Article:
Proceedings Magazine - February 1997 Volume 123/2/1,128

Old Mag ID: 
217
Cover Story

Enlisted Essay Contest Prize Winner

Naval officers may command a good ship, but it is not acceptable for them to command through intimidation and fear. Hunt...

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Highlights

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  • Monsarrat Was Wrong
    By Chief Quartermaster Robert B. Hunt, U.S. Navy (Retired)

    Enlisted Essay Contest Prize Winner

    Naval officers may command a good ship, but it is not acceptable for them to command through intimidation and fear. Hunt discusses the leadership of a Fletcher-class destroyer...

  • Don't Forget the Spruances
    By Lieutenant David Haas, U.S. Navy

    Mainstays in the U.S. Navy's blue-water operations, the Spruances require modernization to be all they must be for success in the littorals. They must continue to fill the breach until new ships can replace them.

  • 'Building the Future Now': An Interview with Captain William F. Readdy, U.S. Naval Reserve
    By Fred L. Schultz

    The naval aviator and commander of Space Shuttle mission STS-79 spoke recently about the complexities of Shuttle flight and the future of the space program with Naval Institute editor Fred L. Schultz.

    ...

  • How Smithsonian Sells Us Short
    By William S. Dudley

    In the wake of the Enola Gay fiasco at the Smithsonian Institution's Air and Space Museum—when revisionist historians acting as curators attempted to re-educate Americans on their "mistaken" evaluation of Japanese culture,...

  • A Report from the Front
    By John Byron

    What takes 16 hours a day, lasts seven months, costs a fortune, brings you under constant attack, and carries with it both great risk and great opportunity? Sounds like duty in a war zone. That's pretty close. I just finished running for...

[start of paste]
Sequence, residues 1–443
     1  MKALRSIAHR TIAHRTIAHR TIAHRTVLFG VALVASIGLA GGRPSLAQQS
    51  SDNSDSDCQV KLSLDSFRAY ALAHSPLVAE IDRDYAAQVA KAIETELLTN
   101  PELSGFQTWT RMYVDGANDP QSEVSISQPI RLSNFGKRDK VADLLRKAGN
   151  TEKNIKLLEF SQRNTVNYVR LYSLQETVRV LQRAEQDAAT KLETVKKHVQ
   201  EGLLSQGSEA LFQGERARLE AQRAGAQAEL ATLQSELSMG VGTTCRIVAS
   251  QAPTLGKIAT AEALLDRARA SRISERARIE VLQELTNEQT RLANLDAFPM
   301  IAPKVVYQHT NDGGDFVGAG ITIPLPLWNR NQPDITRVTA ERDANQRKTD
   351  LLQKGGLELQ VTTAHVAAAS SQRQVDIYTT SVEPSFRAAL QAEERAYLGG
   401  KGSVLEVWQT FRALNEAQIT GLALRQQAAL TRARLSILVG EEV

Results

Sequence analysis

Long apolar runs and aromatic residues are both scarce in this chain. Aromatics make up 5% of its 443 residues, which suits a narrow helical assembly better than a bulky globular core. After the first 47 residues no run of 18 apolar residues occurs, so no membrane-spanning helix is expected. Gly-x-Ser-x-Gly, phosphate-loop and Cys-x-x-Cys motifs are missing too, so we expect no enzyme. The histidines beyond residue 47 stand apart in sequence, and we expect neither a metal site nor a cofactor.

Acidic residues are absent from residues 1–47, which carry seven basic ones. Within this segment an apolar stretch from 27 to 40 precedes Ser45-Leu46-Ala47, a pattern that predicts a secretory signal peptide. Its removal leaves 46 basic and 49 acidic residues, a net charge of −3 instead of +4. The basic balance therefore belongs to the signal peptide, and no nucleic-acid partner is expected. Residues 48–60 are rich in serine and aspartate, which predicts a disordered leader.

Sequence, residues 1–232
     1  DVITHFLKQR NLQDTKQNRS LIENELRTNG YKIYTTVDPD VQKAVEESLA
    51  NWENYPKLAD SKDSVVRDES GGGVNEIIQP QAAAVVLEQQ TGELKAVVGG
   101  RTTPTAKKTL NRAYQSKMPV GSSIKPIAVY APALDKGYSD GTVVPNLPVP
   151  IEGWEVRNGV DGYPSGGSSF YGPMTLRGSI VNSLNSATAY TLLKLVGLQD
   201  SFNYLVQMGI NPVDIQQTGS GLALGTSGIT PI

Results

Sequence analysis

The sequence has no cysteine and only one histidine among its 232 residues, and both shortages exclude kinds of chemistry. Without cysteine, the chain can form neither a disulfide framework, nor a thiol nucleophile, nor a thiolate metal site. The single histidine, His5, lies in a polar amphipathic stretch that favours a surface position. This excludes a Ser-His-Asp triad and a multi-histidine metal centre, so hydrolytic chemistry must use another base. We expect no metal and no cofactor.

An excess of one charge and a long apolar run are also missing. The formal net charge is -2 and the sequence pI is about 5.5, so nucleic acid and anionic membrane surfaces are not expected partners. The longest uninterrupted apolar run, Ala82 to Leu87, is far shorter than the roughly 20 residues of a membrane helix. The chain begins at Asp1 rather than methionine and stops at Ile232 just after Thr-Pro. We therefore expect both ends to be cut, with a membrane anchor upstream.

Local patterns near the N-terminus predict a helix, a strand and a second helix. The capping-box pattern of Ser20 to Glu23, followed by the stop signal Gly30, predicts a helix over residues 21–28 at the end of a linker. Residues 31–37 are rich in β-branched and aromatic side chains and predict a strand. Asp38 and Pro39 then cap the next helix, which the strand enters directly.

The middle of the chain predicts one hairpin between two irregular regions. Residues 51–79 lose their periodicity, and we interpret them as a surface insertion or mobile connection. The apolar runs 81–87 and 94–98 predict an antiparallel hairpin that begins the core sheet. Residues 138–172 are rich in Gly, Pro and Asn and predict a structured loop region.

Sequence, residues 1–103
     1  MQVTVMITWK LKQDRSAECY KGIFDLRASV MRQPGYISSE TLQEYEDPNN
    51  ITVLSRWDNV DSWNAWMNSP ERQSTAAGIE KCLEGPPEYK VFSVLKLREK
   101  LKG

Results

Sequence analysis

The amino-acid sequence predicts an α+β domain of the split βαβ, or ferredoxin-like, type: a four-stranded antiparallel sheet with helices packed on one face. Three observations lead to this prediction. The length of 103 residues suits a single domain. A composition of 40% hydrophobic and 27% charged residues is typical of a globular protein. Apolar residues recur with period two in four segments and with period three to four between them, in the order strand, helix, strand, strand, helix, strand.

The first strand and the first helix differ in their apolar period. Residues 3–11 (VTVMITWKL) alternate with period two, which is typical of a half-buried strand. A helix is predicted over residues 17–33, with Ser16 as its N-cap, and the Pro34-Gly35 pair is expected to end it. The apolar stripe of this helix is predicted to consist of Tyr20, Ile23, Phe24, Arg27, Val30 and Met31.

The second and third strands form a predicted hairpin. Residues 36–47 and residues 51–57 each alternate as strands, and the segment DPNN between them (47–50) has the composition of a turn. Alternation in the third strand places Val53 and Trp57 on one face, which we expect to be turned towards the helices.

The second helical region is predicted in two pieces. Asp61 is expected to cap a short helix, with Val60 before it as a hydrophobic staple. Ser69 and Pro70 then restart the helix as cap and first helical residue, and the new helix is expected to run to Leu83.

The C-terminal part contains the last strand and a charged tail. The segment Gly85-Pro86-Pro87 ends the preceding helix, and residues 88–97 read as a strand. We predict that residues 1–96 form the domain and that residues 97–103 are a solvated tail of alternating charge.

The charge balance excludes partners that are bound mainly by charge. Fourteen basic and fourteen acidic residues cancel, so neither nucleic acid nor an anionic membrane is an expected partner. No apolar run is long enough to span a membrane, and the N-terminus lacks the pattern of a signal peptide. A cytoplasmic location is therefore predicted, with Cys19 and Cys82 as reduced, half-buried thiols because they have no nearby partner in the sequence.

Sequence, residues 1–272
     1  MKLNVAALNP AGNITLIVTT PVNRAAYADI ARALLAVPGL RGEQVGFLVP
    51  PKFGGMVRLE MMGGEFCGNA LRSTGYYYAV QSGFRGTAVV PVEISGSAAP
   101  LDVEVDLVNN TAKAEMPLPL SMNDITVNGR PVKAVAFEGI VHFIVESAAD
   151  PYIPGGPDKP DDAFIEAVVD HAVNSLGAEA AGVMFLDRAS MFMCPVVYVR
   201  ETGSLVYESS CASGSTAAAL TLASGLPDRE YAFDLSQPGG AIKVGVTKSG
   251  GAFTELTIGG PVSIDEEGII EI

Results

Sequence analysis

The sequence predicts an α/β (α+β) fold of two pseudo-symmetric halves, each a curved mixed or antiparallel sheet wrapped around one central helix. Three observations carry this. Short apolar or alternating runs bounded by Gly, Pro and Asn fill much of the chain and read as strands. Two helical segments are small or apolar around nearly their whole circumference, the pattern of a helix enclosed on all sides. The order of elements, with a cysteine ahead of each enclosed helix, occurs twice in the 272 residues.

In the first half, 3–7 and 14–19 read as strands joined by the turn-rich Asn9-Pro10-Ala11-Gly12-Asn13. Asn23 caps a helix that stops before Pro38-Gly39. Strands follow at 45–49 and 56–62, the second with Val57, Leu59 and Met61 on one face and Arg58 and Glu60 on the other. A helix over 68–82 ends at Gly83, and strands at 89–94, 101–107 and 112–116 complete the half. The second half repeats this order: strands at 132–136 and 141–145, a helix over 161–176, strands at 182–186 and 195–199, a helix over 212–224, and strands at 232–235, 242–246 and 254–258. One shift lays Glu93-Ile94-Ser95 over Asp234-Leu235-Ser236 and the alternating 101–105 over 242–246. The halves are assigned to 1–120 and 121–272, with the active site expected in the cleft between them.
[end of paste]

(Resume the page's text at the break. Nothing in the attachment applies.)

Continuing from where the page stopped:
• Comment & Discussion
  • All in a Day's Work
    By Yeoman Third Class Nicole Kristina Ramirez, U.S. Navy

    Enlisted Essay Contest, First Honorable Mention

    I am not sure how many times I hit the snooze button; all I really do know is that I'm late just about every day. The clock reads 0515, I've got to be out of the house by 0630. I...

  • What Is Really Important
    By Telecommunications Specialist Second Class Julie Marie Duncan, U.S. Coast Guard

    Enlisted Essay Contest, Second Honorable Mention

    It all started with a foul odor that hit me like a brick wall. My eyes began to water; my throat tightened. On this 115deg day, I couldn't begin to imagine its source. I stepped onto...

  • The Super Hornet Is a Winner
    By Riley Mixson

    In the context of joint warfare, naval aviation has charted a solid course—one implicitly supported by the 1996 Defense Science Board Summer Study Task Force in Tactics and Technology for 21st Century Military Superiority. The study...

  • It's What's Inside That Counts
    By Norman Friedman and Scott C. Truver

    The first major U.S. weapon system designed for the post-Cold War era, the NSSN features revolutionary design processes and characteristics that will enable it to keep ahead of the threat during its 30-year service life.

  • While England Slept
    By Lieutenant Colonel Frank G. Hoffman, U.S. Marine Corps Reserve

    An integrated, flexible joint vision—tested through war games and field experiments—is critical to peacetime military innovation. Lacking such a vision in the 1920s and 1930s, Britain's military found itself unable to adapt....

  • Can the Corps Counter the Threat?
    By Captain Jeffrey P. Davis, U.S. Marine Corps

    When operational considerations prohibit other services from performing theater missile defense for the Marine air-ground task force, the Corps may have to provide its own. The Hawk missile system, combined with TPS-59 long-range surveillance...

  • The "Q" Transition
    By Lieutenant Commander Christopher E. Brown, U.S. Navy

    The Blue Ridge (LCC-19) and other aging Navy command ships must be replaced by a platform capable of operating across all areas of information-age warfare: information warfare, intelligence collection, and command and control....